There has been growing concern in the scientific community over the last several years about a lack of reproducible results in the biomedical research community. Recently, two large pharmaceutical companies (Amgen and Bayer) announced that they could only reproduce a small fraction of published preclinical cancer biology studies. These results have shocked the scientific community, and have lead to calls mandating an overhaul of both funding and publishing practices to address the crisis. The NIH, as well as the journals Nature and Science, are all proposing strategies to help improve the research process.
However, a major question remains: Why weren’t these experiments reproducible? Valid arguments exist suggesting scientists are falling prey to poor experimental design, flawed statistical analysis, and/or biased data interpretation, all of which can prevent their results from being replicable. However, there are many innocuous reasons why a particular experiment might fail to replicate the original results, from errors or changes in the protocol, to a lack of expertise in performing a particular technique, to unknown factors that produce variability in results. Unfortunately, it’s hard to draw conclusions from the Amgen and Bayer studies because these companies made none of their data or methods public.
The birth of the Reproducibility Project: Cancer Biology
We believe that in order to really understand the crisis in reproducibility, including its prevalence, scope and underlying causes, we need a large dataset of actual replication experiments. These replications must be conducted in a rigorously empirical fashion, using detailed protocols as close to the original study as possible, and conducted by expert scientists trained in the original techniques. Most importantly, the details of these replication datasets must be freely available to everyone.
These criteria led us to create the Reproducibility Project: Cancer Biology (RP:CB), a large-scale initiative to systematically replicate key findings from 50 highly impactful recent papers in the field of cancer biology. The project is a partnership between Science Exchange (and our network of expert service providers) and the Center for Open Science, and is funded through a grant from the Arnold Foundation, as well as through donations from many generous vendors. The goal of the project is to clarify the variety of challenges that exist for reproducibility, and encourage discussion of data-driven solutions from researchers themselves, as well as for policy makers at funding, publishing, and government institutions. To that end, all our findings will be published by the open-access journal eLife. Additionally, all of the methods, data, and results of the replication studies to be available for anyone to review on the Open Science Framework.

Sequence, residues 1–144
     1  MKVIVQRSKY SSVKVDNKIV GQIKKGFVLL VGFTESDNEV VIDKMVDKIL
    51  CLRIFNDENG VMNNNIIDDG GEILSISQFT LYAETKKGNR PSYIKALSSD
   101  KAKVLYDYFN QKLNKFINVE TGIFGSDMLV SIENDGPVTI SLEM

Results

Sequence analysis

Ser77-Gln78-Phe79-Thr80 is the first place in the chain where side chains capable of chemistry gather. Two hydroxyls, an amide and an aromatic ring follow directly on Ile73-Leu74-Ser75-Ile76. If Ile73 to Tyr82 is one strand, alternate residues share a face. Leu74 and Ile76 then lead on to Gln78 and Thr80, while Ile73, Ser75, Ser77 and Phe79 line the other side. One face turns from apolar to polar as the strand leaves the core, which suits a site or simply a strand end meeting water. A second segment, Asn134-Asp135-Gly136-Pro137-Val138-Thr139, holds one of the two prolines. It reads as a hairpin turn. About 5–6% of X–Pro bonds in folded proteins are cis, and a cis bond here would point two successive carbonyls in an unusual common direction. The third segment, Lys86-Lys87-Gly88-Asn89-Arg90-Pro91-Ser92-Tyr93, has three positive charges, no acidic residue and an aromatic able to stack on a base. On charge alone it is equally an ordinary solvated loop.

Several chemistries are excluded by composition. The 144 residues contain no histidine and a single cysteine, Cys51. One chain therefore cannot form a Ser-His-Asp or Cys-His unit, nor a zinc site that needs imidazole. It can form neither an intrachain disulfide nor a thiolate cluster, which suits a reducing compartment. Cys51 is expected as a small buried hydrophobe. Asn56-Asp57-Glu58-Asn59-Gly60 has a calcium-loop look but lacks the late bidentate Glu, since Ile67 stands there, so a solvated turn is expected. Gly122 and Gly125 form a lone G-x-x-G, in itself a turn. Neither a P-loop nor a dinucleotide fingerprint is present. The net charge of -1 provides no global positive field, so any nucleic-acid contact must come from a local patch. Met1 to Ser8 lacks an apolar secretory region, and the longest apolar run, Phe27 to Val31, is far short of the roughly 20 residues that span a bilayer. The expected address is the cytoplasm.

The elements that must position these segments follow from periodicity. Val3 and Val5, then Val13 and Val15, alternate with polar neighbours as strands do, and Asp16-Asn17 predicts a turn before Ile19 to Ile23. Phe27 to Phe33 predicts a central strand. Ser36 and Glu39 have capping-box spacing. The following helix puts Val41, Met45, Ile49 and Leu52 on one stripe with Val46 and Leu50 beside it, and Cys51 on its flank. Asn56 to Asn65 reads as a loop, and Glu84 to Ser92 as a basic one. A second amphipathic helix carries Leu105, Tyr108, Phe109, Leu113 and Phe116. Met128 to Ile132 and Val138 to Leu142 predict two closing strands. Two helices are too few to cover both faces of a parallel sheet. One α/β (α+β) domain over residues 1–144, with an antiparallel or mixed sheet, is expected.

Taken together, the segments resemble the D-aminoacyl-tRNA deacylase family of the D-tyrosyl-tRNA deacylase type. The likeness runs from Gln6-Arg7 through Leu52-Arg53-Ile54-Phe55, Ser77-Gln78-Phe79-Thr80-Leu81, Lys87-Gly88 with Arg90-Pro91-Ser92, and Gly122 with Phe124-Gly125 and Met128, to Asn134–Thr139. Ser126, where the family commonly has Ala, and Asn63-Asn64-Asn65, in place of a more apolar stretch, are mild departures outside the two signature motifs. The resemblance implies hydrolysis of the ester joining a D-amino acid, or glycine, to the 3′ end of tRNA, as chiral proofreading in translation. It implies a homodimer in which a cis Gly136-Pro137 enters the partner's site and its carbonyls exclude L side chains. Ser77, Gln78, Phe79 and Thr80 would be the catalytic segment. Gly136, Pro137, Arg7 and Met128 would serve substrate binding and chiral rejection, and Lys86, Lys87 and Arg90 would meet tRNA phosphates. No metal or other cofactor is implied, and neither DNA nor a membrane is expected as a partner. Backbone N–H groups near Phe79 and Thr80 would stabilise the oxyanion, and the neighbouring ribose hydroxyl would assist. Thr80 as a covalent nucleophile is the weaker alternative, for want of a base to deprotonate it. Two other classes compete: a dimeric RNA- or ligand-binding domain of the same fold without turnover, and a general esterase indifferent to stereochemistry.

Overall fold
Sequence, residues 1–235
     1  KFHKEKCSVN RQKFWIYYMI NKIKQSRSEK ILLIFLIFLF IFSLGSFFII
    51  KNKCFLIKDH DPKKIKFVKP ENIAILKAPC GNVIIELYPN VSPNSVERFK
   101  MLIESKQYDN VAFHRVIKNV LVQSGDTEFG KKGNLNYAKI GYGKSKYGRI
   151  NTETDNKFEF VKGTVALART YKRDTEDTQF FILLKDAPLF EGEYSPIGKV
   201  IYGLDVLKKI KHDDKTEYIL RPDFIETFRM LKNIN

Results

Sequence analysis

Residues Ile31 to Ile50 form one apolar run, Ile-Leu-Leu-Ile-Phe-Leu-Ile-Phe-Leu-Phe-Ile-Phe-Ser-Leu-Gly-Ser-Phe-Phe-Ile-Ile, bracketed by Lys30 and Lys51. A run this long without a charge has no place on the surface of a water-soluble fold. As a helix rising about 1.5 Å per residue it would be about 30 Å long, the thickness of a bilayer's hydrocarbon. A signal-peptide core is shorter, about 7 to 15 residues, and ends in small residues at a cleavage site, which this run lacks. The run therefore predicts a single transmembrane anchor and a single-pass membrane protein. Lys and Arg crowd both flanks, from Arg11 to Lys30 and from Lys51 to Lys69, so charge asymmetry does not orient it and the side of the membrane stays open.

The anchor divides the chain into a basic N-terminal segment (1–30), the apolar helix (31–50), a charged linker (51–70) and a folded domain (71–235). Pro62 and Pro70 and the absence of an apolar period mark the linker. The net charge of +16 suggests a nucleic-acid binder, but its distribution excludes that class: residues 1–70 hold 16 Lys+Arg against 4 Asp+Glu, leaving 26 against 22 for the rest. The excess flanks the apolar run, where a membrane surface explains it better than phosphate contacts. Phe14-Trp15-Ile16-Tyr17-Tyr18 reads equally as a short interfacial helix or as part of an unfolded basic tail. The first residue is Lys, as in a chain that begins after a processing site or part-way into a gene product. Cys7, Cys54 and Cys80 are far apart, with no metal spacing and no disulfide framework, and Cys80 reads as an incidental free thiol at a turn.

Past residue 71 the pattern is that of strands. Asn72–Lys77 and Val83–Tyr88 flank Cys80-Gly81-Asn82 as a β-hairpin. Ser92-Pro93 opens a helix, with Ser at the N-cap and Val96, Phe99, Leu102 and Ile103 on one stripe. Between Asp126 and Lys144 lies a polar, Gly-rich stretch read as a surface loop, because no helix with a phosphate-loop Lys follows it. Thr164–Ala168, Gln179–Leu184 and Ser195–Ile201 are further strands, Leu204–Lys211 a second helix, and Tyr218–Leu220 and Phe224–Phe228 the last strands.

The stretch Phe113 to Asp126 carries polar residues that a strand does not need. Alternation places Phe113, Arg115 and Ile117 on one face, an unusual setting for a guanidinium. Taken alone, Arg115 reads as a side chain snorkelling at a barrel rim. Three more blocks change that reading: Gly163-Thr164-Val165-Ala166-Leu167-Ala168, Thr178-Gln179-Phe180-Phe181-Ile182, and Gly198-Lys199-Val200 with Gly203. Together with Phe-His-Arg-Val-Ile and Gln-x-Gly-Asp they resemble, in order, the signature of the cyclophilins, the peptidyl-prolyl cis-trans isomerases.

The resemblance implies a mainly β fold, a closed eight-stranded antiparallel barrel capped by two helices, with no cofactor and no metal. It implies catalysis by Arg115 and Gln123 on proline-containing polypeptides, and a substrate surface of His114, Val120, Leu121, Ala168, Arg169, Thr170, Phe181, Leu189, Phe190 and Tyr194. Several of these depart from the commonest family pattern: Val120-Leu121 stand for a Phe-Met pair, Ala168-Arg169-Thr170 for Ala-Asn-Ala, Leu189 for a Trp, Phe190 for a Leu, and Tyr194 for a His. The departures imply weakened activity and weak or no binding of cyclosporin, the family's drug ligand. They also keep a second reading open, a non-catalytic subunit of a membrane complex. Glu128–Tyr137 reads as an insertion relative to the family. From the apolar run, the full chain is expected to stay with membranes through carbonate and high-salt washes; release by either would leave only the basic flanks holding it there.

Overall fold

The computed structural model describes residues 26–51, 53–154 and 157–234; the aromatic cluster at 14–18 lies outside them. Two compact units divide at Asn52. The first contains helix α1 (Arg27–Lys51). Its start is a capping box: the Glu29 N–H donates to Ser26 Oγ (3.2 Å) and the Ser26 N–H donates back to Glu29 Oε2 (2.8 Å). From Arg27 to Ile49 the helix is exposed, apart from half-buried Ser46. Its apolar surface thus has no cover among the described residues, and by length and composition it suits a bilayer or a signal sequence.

How does our process work?
So, how do you conduct rigorous, empirical replication experiments? We believe the answer lies in using Registered Reports, a new format for articulating experimental design, materials and methods, and planned statistical analyses prior to data collection. For the RP:CB, we are creating Registered Reports for each of the 50 studies being replicated. These Reports are shared with both the original authors and the replicating labs, both of which have the opportunity to provide input. The finalized Reports are sent to eLife for peer review, where a panel of expert scientists and statisticians can review the planned replication experiments. Once the Registered Reports are published, we begin experimental data collection.
By seeking to control for as many variables as possible up front (getting detailed protocol information from the original authors, finding experts to conduct each experiment, having experts review our intended protocols and analyses), we can hopefully collect meaningful data addressing reproducibility in the field of cancer biology, which will begin clarifying and addressing the issues surrounding reproducibility.
The 10 phases of a successful replication
In order to achieve rigorous reproducibility, each study must pass through the following phases:
Phase 1: A selection of key experiments are identified for each original paper
Phase 2: Protocols are drafted for each necessary experiment
Phase 3: Protocols are transferred to the Registered Report format
Phase 4: The protocols are shared with the original authors for review and feedback and requests for necessary reagents are made.
Phase 5: Each experiment is matched with an expert provider from the Science Exchange network of labs.
Phase 6: The Registered Report is peer reviewed through eLife
Phase 7: Experimental work is begun by the replicating lab
Phase 8: Experiment work is finished
Phase 9: The reproducibility of the replication experiments is analyzed and evaluated
Phase 10: The final Replication Study is published in eLife for each original paper
Tracking our progress
Each month, we will provide updates regarding our process, and we will detail how many studies are in each phase of the project. You can track our progress here. Our current status, as of October 2014, is detailed below:
While we have not begun experimentation for any of the projects yet, we are starting to successfully move projects through peer review! Stay tuned for next month’s progress from us (Joelle Lomax, Fraser Tan, and Tim Errington).